'Horrible cramped' affordable housing scheme in Arlesey refused

But the scheme is destined for an appeal

By Euan Duncan, Local Democracy Reporter
Friday, 5th August 2022, 6:00 pm

Plans for 20 affordable homes on land off Cricketers Road in Arlesey have been refused, but will be subject to appeal for not being considered in time by the local authority.

Grand Union Housing Group’s scheme was described as “horrible cramped housing” by Central Bedfordshire Council’s executive member for regeneration and planning Kevin Collins.

The project would consist of eight social rent properties and 12 under shared ownership on one-and-a-half acres of rough grassland with trees and shrubs.

Central Beds Council

It would be a mix of terraced, semi-detached and detached houses with access to the site from Cricketers Road.

A date has yet to be fixed for the appeal. The application was determined by CBC’s development management committee, which is obliged to resolve it, on Wednesday. (August 3)

Arlesey Town Council raised a number of objections, including this being “premature before the delivery of the relief road, with which it should connect”.

This site is allocated for development under CBC site allocations dating back to 2011, according to a report to councillors.

While recognising the social and economic benefits of the scheme, the report explained it “wouldn’t accord with the development plan”.

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The recommended reasons for refusal “relate to the poor quality layout and conflict with the Arlesey Cross master plan, the impact on neighbouring properties and the poor living environment for future residents”.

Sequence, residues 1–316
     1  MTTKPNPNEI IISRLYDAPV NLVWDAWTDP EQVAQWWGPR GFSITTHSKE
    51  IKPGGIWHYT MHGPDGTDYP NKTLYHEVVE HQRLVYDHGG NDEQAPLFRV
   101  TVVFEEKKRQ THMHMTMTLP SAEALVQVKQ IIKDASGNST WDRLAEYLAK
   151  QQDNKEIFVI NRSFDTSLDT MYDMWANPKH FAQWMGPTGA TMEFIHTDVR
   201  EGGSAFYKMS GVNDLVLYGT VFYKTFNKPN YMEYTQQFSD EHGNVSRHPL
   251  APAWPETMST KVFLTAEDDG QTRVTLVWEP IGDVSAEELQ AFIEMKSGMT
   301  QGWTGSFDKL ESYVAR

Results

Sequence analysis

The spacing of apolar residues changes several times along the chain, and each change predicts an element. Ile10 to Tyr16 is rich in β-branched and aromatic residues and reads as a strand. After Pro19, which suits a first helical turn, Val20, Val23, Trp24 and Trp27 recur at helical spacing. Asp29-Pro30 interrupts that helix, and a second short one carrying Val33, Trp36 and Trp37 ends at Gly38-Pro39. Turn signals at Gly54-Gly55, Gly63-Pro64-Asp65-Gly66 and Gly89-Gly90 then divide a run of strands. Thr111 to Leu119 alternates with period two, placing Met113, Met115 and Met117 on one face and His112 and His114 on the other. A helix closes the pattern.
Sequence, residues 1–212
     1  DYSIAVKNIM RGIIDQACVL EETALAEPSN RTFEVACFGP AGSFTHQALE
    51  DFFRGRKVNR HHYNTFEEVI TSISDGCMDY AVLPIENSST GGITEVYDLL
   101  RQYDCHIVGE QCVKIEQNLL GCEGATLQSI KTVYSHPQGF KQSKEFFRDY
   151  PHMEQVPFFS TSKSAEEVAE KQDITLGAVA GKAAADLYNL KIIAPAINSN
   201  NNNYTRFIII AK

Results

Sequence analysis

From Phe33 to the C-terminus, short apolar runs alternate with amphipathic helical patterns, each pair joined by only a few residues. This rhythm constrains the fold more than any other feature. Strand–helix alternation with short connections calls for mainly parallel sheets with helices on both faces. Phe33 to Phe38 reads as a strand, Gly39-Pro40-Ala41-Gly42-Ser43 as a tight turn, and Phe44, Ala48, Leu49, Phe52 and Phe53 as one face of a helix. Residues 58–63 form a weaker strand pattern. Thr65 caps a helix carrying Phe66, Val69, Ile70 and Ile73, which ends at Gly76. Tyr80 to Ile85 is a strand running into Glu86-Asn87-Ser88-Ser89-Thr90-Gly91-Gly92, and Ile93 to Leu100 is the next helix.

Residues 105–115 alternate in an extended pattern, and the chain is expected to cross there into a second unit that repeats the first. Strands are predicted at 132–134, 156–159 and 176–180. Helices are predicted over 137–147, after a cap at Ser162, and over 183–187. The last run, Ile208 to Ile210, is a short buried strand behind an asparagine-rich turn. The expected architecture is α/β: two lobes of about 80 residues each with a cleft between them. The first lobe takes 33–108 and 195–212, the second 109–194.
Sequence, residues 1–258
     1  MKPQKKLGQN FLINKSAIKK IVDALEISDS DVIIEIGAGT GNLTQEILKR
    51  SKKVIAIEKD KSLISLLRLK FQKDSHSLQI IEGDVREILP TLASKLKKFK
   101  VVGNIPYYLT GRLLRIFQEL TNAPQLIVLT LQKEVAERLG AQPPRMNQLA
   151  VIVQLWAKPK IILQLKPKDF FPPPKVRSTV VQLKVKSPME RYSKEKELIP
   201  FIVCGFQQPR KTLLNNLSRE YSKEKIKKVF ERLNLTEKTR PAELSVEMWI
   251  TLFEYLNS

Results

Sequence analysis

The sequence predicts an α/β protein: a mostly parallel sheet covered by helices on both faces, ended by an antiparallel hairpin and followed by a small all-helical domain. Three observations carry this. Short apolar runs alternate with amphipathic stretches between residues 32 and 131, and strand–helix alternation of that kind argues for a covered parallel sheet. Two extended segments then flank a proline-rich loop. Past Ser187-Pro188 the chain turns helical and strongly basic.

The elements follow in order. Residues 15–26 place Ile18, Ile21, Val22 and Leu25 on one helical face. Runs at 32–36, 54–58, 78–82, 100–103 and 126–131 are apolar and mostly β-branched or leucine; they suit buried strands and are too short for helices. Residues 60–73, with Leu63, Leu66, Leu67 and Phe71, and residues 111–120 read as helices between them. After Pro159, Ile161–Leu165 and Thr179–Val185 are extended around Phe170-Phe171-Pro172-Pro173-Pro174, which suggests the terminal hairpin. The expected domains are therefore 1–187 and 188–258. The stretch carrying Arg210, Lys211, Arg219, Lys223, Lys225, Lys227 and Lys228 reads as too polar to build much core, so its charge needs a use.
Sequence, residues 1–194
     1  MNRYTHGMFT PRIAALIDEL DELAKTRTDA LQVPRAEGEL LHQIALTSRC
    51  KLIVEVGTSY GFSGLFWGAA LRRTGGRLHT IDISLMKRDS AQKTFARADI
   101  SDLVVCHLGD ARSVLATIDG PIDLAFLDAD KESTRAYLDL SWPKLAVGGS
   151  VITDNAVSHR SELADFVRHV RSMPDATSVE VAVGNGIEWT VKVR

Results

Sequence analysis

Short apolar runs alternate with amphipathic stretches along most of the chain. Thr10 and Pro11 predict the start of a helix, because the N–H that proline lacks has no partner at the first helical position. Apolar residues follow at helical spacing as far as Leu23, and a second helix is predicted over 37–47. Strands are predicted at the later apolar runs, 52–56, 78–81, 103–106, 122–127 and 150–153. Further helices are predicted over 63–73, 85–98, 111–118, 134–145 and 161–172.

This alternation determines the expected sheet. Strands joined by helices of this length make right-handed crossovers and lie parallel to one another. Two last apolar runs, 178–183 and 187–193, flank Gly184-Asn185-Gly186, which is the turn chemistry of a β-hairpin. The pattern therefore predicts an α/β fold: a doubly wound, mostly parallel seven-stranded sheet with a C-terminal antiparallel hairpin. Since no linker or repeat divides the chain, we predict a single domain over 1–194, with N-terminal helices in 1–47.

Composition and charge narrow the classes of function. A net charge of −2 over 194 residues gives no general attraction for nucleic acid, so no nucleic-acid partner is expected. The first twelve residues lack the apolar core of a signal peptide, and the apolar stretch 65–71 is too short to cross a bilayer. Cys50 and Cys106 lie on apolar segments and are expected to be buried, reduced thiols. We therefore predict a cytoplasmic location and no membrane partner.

There would be “insufficient provision for protected species, surface water and foul drainage and a lack of legal agreement to secure planning obligations to mitigate the impact on the surrounding infrastructure”.

With land adjoining the site to the north and west, it “forms part of a strategic allocation for a mixed use development comprising a minimum of 1,000 homes and 24.5 acres of employment land”, added the report.

“The applicant was advised during the early stages of various concerns with the proposals, including the conflict with the Arlesey Cross master plan.”

Independent Biggleswade South councillor Hayley Whitaker asked why the development was non-determined.

Planning officer Ben Tracy replied: “The applicant requested not to determine the application and wait for the appeal on the adjacent site before the council proceeds to determine it.

“The agent and the applicant decided to lodge a non-determination appeal, without notifying the (local) authority, prior to the appeal decision being issued. It was delayed on the request of the applicant.”

Conservative Dunstable Watling councillor Nigel Young said: “We find ourselves in a position where 20 valuable affordable homes aren’t coming forward.

“If they’re as bad as it says in paragraph two of the report that would be right and proper.”

Conservative Caddington councillor Collins inquired about the local authority’s legal position and enforcement powers “if we were to permission these horrible cramped houses and then they (the developer) sold them”.

Mr Tracy said: “In the absence of a signed legal agreement we’re unable to secure the affordable housing. We can change the wording to say provision in perpetuity.”

The committee unanimously refused the development, with that resolution forming the basis of CBC’s defence case at the appeal.